I am not very interested in politics. Of course I have my views on certain topics, as everyone usually does, and I do get passionate about my views from time to time. However, I really do not like talking about politics, and to be honest, a lot of the things that surround politics really confuse me. Despite my opinions about politics in general, the 2020 presidential election is quickly approaching, and one thing I do know is how important it is to register to vote in this year’s election. I, along with many others, am not happy with the state of our country right now. Change needs to happen, and the only way we can do that is by using our voices and getting out there to vote. I am registered to vote, and I plan on voting in this election; it will be the first presidential election in which I am allowed to vote. However, my one major annoyance with the whole thing is that my experience with getting set to vote has not been straightforward, especially with the absentee ballot.

All over social media, people have been posting about the importance of registering to vote and participating in this upcoming election. I completely agree with this, however it has not been as easy and stress-free as everyone has been making it out to be. I am a New Hampshire resident, so I am registered to vote there, but since I plan on being here in Connecticut for the election in November, I have to vote via absentee ballot. I don’t want to speak about every state when I say this, because I don’t know the details of how other states are handling things, but the process for applying to get my absentee ballot has not been a smooth one. Back during the first week of August, I mailed in my application to my town clerk, requesting absentee ballots for both my state primary election, as well as the general election. New Hampshire’s primary election was on Sept. 8, 2020, and even though I planned to vote in it, I was unable to because I never received my absentee ballot in the mail. I thought that requesting my ballots in early August would allow plenty of time for my town to mail me my primary election ballot, on which I could vote and mail back before having to return to school in a month. According to the absentee ballot tracker feature included on the nh.gov site, my town clerk mailed out my absentee ballot to my home address on Aug. 11, yet I never received it.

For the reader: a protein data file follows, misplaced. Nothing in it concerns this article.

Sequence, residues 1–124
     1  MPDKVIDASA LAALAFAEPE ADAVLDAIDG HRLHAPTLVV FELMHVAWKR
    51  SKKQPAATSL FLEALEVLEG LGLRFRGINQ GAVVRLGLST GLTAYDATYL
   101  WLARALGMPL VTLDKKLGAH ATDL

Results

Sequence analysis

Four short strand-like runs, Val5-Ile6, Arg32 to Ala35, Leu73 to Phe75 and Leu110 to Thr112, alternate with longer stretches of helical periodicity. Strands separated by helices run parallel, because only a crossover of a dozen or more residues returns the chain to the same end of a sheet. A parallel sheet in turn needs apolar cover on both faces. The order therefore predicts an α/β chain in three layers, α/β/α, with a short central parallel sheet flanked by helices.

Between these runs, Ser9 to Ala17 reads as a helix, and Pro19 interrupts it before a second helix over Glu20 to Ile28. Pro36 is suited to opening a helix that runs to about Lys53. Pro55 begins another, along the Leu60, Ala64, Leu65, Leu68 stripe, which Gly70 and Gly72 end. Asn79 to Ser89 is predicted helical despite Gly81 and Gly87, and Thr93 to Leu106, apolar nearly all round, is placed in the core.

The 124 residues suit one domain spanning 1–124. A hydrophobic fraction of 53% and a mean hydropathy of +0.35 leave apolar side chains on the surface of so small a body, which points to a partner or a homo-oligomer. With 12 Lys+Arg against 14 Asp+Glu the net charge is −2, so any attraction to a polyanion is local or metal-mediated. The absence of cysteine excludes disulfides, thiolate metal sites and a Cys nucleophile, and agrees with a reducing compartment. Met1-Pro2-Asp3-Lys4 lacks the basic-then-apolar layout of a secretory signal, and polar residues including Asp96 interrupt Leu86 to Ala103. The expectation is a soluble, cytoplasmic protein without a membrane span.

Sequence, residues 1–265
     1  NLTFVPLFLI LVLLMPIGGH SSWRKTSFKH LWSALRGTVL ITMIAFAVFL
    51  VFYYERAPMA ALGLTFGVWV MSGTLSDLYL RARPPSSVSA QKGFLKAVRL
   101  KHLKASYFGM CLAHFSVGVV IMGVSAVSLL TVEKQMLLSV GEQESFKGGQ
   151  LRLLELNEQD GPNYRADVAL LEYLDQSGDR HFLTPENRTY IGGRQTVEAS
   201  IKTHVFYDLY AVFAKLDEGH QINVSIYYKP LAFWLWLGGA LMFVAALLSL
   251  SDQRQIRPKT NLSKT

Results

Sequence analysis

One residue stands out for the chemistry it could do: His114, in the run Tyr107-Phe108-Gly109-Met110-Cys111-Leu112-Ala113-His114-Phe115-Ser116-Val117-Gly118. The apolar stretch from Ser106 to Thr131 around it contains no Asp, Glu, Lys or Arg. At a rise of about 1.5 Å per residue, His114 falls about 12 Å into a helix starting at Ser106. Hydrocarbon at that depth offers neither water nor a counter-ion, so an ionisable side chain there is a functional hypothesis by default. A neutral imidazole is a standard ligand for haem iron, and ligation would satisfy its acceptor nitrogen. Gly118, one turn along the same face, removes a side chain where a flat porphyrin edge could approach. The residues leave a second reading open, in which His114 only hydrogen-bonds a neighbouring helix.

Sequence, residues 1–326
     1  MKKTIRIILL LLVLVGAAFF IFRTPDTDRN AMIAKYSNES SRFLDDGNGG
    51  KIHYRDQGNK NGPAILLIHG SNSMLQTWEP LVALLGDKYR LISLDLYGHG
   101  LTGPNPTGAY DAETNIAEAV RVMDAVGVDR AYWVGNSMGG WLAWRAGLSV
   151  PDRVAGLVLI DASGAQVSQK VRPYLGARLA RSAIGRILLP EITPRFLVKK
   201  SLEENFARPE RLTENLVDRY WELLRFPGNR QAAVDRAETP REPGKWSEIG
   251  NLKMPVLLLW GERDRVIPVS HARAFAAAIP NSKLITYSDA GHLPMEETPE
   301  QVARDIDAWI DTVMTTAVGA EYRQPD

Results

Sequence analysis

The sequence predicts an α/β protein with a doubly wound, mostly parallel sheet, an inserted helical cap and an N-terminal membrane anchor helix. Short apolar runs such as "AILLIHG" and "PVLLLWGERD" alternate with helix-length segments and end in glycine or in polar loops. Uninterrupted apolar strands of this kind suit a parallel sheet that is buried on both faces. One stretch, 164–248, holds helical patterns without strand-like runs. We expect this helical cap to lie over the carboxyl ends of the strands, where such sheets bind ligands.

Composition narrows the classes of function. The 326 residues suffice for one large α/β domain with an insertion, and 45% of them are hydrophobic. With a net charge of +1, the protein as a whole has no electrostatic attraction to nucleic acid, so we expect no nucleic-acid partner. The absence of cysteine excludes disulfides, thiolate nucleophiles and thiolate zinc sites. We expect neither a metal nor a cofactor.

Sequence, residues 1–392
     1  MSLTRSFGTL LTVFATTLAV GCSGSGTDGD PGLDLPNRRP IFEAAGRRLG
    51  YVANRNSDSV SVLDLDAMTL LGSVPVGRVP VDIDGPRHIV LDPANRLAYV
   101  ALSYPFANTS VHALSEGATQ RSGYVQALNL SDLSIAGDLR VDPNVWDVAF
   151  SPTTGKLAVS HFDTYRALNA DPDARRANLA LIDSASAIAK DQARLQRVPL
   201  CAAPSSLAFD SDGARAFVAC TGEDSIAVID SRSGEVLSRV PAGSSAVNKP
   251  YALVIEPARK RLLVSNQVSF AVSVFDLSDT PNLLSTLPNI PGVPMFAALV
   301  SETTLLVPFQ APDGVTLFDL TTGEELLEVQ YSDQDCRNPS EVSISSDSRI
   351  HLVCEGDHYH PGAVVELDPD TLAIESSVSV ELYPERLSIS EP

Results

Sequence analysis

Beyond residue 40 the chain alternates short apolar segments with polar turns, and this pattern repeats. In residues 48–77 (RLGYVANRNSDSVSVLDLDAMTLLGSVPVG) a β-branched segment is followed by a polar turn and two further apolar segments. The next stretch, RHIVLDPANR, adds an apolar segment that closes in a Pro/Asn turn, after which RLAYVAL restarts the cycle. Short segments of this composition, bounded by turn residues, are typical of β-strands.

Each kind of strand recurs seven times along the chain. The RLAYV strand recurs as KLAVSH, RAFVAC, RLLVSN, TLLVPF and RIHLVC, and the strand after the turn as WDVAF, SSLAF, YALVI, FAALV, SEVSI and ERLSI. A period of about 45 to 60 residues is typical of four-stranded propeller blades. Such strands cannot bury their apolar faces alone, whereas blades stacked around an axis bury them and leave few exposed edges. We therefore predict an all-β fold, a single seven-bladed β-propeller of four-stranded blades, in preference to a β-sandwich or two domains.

I called my town clerk’s office about this issue once I was at school and had missed my state’s primary election because I wanted answers as to why I never received my ballot. I also wanted to check in and make sure that I would receive my ballot for the general election. When I called, the woman I spoke to said, “I don’t know what to tell you…”

Well, thank you, town clerk. 

There has been all this talk about how President Donald Trump has been manipulating the United States Postal Service, as this New Yorker article describes, in order to disrupt the delivery of people’s mail-in ballots so that their votes will not be counted in the election. The rumors say Trump’s motivation for this is to try and swing the results in his favor ensuring that he wins and serves a second term. I do not know how true this is, and I know that there are a multitude of other possible reasons as to why my absentee ballot did not get mailed to me. Nonetheless, my experience does not make me feel confident in the postal service. They can get my family’s monthly magazine subscription or the daily grocery coupon flyer in our mailbox just fine, but when it comes to my absentee ballot, it just doesn’t show up? Something seems really wrong with that. 

Don’t get me wrong…I thoroughly appreciate the postal service and their workers, and I acknowledge how important they are to our lives. However, when it comes to my right to vote, and when there is an option for me to vote by absentee ballot, I am really counting on the postal service to allow my vote to be included, especially in this, of all elections. 

 On absentee ballot applications, it asks why you are entitled to vote by absentee ballot, and there is now an option that people can check off that says you cannot vote in person because of your concerns for COVID-19. The pandemic has created an influx in the number of voters choosing to vote by mail-in ballot in this election for fear of being exposed to the virus at public voting locations. This means there will be an influx in the number of envelopes that the postal service must handle and properly deliver in order for people’s votes to be counted, including my own. I can only hope that the rumors are not true about Trump trying to manipulate the postal service, because even more people than usual are depending on them to make sure that their voices are heard and that their votes count in this year’s election.


For a guide on how to change a voter registration address, ways to vote by mail in a specific state and absentee ballot deadlines, check out https://www.mymove.com/moving/guides/voter-registration-by-state/


About The Author

-- Senior - Communications --

Catherine is from Pelham, New Hampshire. She loves to write, hang out with friends, watch movies, and is a big Boston Bruins fan.

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